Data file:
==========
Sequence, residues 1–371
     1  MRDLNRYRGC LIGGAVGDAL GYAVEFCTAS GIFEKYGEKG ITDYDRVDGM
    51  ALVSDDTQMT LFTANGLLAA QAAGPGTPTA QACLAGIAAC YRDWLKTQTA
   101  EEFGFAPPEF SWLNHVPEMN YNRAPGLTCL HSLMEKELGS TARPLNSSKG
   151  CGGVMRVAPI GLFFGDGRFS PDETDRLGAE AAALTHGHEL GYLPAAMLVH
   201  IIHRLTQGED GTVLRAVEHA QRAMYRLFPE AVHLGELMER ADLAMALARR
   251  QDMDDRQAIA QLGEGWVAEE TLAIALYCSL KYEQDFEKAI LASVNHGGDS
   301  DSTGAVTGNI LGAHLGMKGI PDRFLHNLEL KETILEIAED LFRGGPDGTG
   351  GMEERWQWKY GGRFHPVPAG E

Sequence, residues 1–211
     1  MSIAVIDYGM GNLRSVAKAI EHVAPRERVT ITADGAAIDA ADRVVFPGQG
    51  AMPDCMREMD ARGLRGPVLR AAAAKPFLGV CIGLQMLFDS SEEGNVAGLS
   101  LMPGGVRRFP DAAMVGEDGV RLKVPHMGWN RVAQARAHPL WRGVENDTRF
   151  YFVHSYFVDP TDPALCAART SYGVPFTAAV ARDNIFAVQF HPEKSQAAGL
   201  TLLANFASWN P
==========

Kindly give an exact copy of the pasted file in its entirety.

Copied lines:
Sequence, residues 1–371
     1  MRDLNRYRGC LIGGAVGDAL GYAVEFCTAS GIFEKYGEKG ITDYDRVDGM
    51  ALVSDDTQMT LFTANGLLAA QAAGPGTPTA QACLAGIAAC YRDWLKTQTA
   101  EEFGFAPPEF SWLNHVPEMN YNRAPGLTCL HSLMEKELGS TARPLNSSKG
   151  CGGVMRVAPI GLFFGDGRFS PDETDRLGAE AAALTHGHEL GYLPAAMLVH
   201  IIHRLTQGED GTVLRAVEHA QRAMYRLFPE AVHLGELMER ADLAMALARR
   251  QDMDDRQAIA QLGEGWVAEE TLAIALYCSL KYEQDFEKAI LASVNHGGDS
   301  DSTGAVTGNI LGAHLGMKGI PDRFLHNLEL KETILEIAED LFRGGPDGTG
   351  GMEERWQWKY GGRFHPVPAG E

Sequence, residues 1–211
     1  MSIAVIDYGM GNLRSVAKAI EHVAPRERVT ITADGAAIDA ADRVVFPGQG
    51  AMPDCMREMD ARGLRGPVLR AAAAKPFLGV CIGLQMLFDS SEEGNVAGLS
   101  LMPGGVRRFP DAAMVGEDGV RLKVPHMGWN RVAQARAHPL WRGVENDTRF
   151  YFVHSYFVDP TDPALCAART SYGVPFTAAV ARDNIFAVQF HPEKSQAAGL
   201  TLLANFASWN P